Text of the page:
Fahmida Y. Rashid, InfoWorld, 1 Mar 2016 The Drown attack decrypts TLS sessions on servers supporting SSL v2 and using RSA key exchange http://www.infoworld.com/article/3039825/security/openssl-update-fixes-drown-vulnerability.html selected text: An international team of researchers has uncovered an attack that can compromise encrypted network traffic in a matter of hours. The Drown (Decrypting RSA with Obsolete and Weakened Encryption) attack successfully decrypts TLS (transport layer security) sessions by exploiting a vulnerability in the older SSL v2 protocol that exposes private RSA keys. Once again, old cryptography is breaking the security of all online communications. mobile social collaboration faces heads Drown is different from other attacks against TLS in that it doesn't need servers to be using the older version; the attack will succeed as long as the targeted system supports SSL v2. The cross-protocol attack (CVE-2016-0800) could lead to decryption of any encrypted session using SSL/TLS protocols as long as the server supports SSL v2 and uses RSA key exchange, the researchers said in their technical paper. "In the future we must ensure that all obsolete crypto is aggressively removed from all systems. If it's not, it's going to come back to bite us, sooner or later," Ristic said. [Don't forget all the other flaws, brought to light by the IEEE SSP best paper by Beurdouche et al., noted in RISKS-28,58. PGN]
The U.S. Department of Defense (DoD) has invited hackers participate in "Hack the Pentagon", to find & report vulnerabilities in some of their websites. Volunteers must be US citizens who pass a background check. Beware, background checks may get you on OPM, which gets hacked thru an NSA back door. A new US agency has been launched to replace some of OPM activity, the National Background Investigations Bureau (NBIB). I hope the replacement system learns from the mistakes of OPM. This kind of data does not need to be on the Internet, it should be on an intranet. That way NSA back doors do not reveal the data to as many adversaries. https://www.helpnetsecurity.com/2016/03/02/hack-the-pentagon-hackers-asked-to-help-secure-public-facing-systems/ [On an intranet? But the Dark Net is not all that invisible... PGN]
Does this mean that the authorities are going to make (school) libraries censor all symbol-based swearing from their collections? If I'd had a smart phone when I was twelve, I might have done this too—because that was the way the comic books I read depicted swearing. http://tvtropes.org/pmwiki/pmwiki.php/Main/SymbolSwearing http://2.bp.blogspot.com/_fnXu10W5PIY/S7A1IhXZV-I/AAAAAAAADQU/PvPnFfRYueo/s1600/swear.gif (There are a bomb, a knife, 2 skulls, 2 guns, and 3 symbols that look like explosions.) [However, even for those who are trope-o-philes rather than trope-o-phobic, it may be difficult to distinguish one expletive from another. %^&#@! PGN]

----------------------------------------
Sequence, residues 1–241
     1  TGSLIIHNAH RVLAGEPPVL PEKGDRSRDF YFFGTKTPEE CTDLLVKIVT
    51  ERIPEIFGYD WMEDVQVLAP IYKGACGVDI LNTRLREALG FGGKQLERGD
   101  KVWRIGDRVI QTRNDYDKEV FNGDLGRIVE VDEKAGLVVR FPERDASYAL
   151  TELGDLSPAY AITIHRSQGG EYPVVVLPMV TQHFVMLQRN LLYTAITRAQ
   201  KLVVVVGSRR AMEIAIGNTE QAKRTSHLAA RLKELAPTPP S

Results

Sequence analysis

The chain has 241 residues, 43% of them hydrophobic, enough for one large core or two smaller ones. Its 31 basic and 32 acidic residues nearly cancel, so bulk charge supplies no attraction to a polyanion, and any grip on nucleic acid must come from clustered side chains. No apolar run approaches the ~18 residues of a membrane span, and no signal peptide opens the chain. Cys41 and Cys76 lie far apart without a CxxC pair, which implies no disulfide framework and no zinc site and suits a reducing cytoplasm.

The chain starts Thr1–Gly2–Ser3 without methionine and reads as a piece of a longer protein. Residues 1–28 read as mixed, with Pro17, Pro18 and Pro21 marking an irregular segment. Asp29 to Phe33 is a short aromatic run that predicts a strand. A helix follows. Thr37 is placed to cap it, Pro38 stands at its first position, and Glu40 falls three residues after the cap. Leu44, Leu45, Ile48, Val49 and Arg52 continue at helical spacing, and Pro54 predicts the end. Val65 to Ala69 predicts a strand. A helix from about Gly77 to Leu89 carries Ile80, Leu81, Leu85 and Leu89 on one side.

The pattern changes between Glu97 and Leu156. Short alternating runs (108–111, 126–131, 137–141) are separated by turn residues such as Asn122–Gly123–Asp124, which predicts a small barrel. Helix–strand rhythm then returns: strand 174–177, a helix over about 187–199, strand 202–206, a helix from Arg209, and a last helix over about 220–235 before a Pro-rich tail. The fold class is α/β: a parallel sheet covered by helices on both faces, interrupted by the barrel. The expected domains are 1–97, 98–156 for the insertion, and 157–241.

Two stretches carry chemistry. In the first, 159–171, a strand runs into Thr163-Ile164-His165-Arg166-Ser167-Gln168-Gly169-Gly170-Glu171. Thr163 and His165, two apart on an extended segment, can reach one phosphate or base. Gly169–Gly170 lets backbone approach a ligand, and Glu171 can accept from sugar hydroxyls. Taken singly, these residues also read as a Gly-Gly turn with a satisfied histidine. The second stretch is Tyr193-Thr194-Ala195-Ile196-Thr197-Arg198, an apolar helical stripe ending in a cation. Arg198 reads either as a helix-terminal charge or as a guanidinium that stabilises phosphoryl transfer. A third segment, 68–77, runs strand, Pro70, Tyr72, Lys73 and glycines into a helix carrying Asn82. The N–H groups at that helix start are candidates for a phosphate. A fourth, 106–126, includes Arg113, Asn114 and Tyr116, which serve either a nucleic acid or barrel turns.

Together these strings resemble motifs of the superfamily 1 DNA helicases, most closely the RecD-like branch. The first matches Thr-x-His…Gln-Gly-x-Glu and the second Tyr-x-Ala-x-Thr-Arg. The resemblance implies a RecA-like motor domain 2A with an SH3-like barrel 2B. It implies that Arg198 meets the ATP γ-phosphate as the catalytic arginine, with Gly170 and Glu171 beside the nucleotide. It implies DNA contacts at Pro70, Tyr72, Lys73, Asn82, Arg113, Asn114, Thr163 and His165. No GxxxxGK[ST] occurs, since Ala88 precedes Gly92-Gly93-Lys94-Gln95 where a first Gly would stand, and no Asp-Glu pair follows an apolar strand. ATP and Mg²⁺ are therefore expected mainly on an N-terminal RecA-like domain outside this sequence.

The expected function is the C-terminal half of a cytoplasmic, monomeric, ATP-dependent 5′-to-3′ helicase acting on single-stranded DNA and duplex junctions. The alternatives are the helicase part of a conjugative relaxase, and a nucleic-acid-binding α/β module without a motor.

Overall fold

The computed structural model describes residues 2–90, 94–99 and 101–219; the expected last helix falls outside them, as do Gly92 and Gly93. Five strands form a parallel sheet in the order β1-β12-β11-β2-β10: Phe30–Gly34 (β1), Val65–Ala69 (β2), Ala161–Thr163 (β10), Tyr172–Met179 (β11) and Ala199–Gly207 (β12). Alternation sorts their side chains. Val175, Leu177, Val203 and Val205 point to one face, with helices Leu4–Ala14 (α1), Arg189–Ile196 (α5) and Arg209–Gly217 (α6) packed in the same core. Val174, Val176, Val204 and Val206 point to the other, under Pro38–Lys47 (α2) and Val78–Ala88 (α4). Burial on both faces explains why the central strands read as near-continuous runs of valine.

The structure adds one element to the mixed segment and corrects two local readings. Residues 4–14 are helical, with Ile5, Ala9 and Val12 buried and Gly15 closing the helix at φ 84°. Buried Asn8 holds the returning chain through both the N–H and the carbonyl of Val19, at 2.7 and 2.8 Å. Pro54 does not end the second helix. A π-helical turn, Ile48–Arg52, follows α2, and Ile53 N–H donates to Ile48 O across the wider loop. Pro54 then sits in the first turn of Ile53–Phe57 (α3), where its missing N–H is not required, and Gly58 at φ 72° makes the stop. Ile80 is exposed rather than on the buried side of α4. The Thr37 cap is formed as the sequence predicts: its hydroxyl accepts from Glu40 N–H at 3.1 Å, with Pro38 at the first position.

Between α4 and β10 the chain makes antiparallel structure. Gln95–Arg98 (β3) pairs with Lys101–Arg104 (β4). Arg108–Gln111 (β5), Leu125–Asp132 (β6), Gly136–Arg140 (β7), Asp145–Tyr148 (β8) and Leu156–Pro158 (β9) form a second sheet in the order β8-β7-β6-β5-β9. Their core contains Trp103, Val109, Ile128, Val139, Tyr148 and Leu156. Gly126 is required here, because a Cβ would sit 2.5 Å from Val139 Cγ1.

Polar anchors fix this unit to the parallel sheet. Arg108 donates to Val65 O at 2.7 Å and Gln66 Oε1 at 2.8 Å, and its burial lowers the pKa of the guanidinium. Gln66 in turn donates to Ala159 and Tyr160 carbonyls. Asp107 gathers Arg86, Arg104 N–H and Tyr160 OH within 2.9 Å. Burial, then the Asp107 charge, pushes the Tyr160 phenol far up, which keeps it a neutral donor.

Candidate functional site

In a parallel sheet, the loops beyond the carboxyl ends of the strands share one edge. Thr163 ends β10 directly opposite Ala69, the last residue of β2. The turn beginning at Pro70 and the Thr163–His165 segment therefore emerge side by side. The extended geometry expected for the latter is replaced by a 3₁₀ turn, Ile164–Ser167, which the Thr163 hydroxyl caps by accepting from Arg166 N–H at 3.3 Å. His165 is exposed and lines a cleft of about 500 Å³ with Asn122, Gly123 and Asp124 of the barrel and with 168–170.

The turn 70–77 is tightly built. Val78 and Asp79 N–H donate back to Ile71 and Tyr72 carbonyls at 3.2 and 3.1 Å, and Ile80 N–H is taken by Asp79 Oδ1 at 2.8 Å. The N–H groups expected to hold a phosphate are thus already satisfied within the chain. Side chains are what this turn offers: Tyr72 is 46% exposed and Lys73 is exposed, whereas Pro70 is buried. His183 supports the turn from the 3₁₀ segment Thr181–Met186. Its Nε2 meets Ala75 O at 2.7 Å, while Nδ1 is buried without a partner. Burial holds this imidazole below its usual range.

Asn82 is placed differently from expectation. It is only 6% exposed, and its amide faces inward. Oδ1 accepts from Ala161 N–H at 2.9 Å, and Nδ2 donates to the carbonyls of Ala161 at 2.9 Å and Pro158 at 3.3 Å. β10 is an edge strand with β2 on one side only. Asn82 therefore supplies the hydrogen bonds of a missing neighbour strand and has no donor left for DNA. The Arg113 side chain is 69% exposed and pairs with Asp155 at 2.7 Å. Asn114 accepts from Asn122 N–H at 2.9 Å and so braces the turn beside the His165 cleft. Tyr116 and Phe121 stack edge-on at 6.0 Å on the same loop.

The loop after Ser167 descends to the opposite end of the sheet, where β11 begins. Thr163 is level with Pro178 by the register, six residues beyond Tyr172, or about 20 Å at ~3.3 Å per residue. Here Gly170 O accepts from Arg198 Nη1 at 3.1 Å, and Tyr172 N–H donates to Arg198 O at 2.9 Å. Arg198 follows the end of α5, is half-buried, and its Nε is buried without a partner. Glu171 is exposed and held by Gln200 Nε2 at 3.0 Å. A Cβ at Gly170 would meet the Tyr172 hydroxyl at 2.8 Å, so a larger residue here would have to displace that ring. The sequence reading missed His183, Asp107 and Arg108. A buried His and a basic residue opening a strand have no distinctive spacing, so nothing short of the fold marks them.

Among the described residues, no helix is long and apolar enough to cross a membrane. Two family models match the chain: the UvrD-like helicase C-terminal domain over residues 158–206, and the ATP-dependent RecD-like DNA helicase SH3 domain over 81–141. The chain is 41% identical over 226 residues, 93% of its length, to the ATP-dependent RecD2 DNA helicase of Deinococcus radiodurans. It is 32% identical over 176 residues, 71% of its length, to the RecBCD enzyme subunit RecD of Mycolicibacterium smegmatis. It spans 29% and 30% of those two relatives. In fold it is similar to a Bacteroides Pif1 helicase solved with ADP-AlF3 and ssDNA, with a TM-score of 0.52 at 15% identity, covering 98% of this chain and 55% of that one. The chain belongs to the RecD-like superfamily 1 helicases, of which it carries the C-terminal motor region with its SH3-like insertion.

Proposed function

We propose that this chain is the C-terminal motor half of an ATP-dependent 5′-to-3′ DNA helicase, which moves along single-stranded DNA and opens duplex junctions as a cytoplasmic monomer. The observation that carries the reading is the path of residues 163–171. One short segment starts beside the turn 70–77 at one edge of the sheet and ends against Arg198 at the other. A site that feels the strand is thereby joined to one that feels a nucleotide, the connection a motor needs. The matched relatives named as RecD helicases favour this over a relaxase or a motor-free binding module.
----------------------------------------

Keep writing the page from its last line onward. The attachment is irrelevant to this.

A court had ordered Facebook to provide data from WhatsApp, a messaging app it owns, in connection with a criminal investigation into drug trafficking. Police in Sao Paulo questioned Facebook's VP for Latin America Diego Dzodan on Tuesday, and he remained in jail overnight. http://money.cnn.com/2016/03/02/technology/facebook-brazil-executive/index.html This could easily escalate to jailing random employees to extort a backdoor. This would be easier in some countries than others.
http://www.dailydot.com/politics/isis-apple-fbi-congressional-hearing-crypto-international/ Prompted by a case related to the ISIS-inspired terrorist attack in San Bernardino, the intense discussion heavily focused on thwarting the Islamic State. But ISIS supporters online didn't seem worried at all. Instead, they've spent the week--and longer--promoting strong encryption tools from outside the United States that the American government cannot touch with legislation. In the last month, Islamic State supporters have promoted security software from Finland, Romania, America, France, the Czech Republic, Canada, Panama, Germany, Switzerland, Saint Kitts and Nevis, and other nations, a Daily Dot review found.
While Apple is fighting the FBI in court over encryption, Amazon quietly disabled the option to use encryption to protect data on its Android-powered devices. The tech giant has recently deprecated support for device encryption on the latest version of Fire OS, Amazon's custom Android operating system, which powers its tablets and phones. In the past, privacy-minded users could protect data stored inside their devices, such as their emails, by scrambling it with a password, which made it unreadable in case the device got lost or stolen. With this change, users who had encryption on in their Fire devices are left with two bad choices: either decline to install the update, leaving their devices with outdated software, or give up and keep their data unencrypted. https://motherboard.vice.com/read/amazon-removes-device-encryption-fire-os-kindle-phones-and-tablets